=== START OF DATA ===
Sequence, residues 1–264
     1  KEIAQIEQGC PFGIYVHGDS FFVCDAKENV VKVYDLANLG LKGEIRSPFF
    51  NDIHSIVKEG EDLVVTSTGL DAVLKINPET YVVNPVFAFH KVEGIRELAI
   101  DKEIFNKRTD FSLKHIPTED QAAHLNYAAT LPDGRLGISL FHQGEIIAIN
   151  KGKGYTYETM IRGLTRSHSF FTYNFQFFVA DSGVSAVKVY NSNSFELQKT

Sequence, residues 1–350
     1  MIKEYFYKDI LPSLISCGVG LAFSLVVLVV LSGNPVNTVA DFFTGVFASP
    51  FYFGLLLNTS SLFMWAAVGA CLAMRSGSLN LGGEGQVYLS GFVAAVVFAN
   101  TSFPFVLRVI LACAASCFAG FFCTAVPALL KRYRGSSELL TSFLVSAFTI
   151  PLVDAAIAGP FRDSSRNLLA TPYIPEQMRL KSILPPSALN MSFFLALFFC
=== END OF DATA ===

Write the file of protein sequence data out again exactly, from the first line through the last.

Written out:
Sequence, residues 1–264
     1  KEIAQIEQGC PFGIYVHGDS FFVCDAKENV VKVYDLANLG LKGEIRSPFF
    51  NDIHSIVKEG EDLVVTSTGL DAVLKINPET YVVNPVFAFH KVEGIRELAI
   101  DKEIFNKRTD FSLKHIPTED QAAHLNYAAT LPDGRLGISL FHQGEIIAIN
   151  KGKGYTYETM IRGLTRSHSF FTYNFQFFVA DSGVSAVKVY NSNSFELQKT

Sequence, residues 1–350
     1  MIKEYFYKDI LPSLISCGVG LAFSLVVLVV LSGNPVNTVA DFFTGVFASP
    51  FYFGLLLNTS SLFMWAAVGA CLAMRSGSLN LGGEGQVYLS GFVAAVVFAN
   101  TSFPFVLRVI LACAASCFAG FFCTAVPALL KRYRGSSELL TSFLVSAFTI
   151  PLVDAAIAGP FRDSSRNLLA TPYIPEQMRL KSILPPSALN MSFFLALFFC